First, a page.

[WEB SECURITY] Bypassing URL Authentication and Authorization with HTTP Verb Tampering
andreg at gmail.com
Thu May 29 12:44:33 EDT 2008
On Thu, May 29, 2008 at 8:32 AM, Gunter Ollmann <gollmann at us.ibm.com> wrote:
> Any of the pentesters I've worked with in the past decade will tell you how
> they use these techniques to bypass restricting authentication/authorization
> filtering. For example, the 3-day "Ethical Hacking" training course given by
> ISS from 2001-2005 covered these techniques, and I believe that the NGS
> Software "Web Application (In)security" course's at Blackhat have
> covered/discussed it as well.
Exactly why this type of vulnerability-finding technique shouldn't be
locked up in $5k-10k/person courseware IP and instead published in the
open. Or given to the community through OWASP, BSI, or MITRE
> You'll also find a few bruteforce attack tools that will flip to HEAD etc.
> for launching attacks - but this is a little more to do with speed
> improvements and bandwidth constraints - but, at the end of the day, I can't
> agree with the assertion that this is not well known.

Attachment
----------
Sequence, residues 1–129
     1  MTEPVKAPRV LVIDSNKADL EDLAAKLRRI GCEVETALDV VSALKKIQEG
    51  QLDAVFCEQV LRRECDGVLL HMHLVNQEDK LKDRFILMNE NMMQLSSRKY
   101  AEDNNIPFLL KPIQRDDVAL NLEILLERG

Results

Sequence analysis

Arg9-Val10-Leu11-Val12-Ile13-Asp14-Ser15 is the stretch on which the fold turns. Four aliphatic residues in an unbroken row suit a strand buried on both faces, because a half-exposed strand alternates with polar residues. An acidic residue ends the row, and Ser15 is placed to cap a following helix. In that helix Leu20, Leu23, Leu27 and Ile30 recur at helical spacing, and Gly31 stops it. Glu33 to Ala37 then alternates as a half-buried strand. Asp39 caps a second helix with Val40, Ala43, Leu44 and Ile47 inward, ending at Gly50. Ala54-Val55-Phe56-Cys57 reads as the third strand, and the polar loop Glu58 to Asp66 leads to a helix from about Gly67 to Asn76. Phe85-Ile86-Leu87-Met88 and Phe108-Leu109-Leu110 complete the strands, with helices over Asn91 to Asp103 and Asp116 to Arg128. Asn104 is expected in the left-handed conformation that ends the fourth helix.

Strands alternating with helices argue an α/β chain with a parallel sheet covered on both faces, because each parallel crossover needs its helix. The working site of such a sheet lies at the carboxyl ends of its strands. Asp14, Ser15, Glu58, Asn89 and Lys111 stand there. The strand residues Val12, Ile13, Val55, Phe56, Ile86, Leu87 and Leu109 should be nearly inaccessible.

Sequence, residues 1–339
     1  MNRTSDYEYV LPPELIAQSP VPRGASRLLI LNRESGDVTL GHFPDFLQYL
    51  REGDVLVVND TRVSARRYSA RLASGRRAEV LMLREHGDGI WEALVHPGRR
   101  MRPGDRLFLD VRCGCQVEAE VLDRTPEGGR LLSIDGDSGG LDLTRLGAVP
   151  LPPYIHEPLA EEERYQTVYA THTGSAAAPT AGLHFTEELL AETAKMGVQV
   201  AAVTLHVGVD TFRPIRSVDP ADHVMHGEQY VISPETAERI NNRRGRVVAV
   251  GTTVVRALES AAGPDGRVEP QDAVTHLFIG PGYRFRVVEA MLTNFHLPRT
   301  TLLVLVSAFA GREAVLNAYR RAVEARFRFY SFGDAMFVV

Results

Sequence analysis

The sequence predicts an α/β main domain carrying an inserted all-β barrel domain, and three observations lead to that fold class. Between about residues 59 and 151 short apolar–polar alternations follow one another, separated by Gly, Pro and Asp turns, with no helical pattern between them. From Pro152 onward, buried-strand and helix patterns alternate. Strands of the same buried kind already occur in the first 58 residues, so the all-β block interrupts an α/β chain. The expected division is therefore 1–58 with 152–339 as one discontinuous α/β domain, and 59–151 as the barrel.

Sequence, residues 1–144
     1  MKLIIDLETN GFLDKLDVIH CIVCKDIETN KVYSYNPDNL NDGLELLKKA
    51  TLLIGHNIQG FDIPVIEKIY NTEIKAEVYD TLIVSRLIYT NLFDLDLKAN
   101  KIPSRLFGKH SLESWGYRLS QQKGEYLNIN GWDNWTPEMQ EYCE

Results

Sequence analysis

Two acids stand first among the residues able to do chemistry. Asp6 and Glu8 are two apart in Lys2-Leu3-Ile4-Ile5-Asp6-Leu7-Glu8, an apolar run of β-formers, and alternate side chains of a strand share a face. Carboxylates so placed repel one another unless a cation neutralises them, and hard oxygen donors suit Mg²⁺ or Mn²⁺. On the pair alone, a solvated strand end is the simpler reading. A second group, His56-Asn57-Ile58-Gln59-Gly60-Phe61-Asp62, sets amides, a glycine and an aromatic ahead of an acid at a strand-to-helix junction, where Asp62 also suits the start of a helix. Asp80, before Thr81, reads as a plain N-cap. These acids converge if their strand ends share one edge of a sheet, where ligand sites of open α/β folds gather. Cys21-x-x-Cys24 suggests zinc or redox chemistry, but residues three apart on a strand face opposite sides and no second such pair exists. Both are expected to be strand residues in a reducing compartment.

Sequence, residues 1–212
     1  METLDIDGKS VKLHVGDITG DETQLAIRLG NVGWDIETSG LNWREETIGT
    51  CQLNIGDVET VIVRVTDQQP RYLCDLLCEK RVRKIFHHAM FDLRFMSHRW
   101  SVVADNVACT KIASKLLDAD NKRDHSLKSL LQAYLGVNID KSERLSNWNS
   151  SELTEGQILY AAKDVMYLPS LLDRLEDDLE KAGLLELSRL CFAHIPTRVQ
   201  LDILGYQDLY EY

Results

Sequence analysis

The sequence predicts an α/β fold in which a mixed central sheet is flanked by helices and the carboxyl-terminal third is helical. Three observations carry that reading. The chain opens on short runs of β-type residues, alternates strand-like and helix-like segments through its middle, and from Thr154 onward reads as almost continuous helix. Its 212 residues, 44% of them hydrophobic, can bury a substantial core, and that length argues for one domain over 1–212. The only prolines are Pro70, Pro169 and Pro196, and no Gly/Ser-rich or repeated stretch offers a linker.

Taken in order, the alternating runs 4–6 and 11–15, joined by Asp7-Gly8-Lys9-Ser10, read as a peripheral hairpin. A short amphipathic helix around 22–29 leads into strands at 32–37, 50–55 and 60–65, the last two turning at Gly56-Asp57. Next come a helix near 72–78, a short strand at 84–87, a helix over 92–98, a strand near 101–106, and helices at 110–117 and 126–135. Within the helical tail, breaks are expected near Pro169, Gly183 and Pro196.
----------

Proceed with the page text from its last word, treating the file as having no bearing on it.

I am curious about this as well. Elza (1998?) or any spider probably
has done HEAD/Verb operations for authentication bypass purposes.
SPIKEproxy or another fuzzer would have found vulnerabilities like
this in the past. But not everything that SPIKEproxy or Elza have
picked up has been announced to the public as bad practice with
identification, impact, variations, and countermeasures -- especially
when combinatorial aspects factor in (e.g. combining an authenticated
spider set of results with an external HTTP method fuzzer). The tools
don't do this on their own: the people driving them do.
Either way you look at it, if it has been done in the past (and I'm
not arguing that it hasn't) -- it's been exploratory. With
documentation like Arshan's, now it can be a formal test case and part
of a checklist.
> I don't have a copy handy, but you may also want to check out Dafydd
> Stuttard's and Marcus Pinto's book "The Web Application Hackers Handbook"
I have the PDF. Did some searches. Read chapters 4, 6, and 8. It's
not in there.
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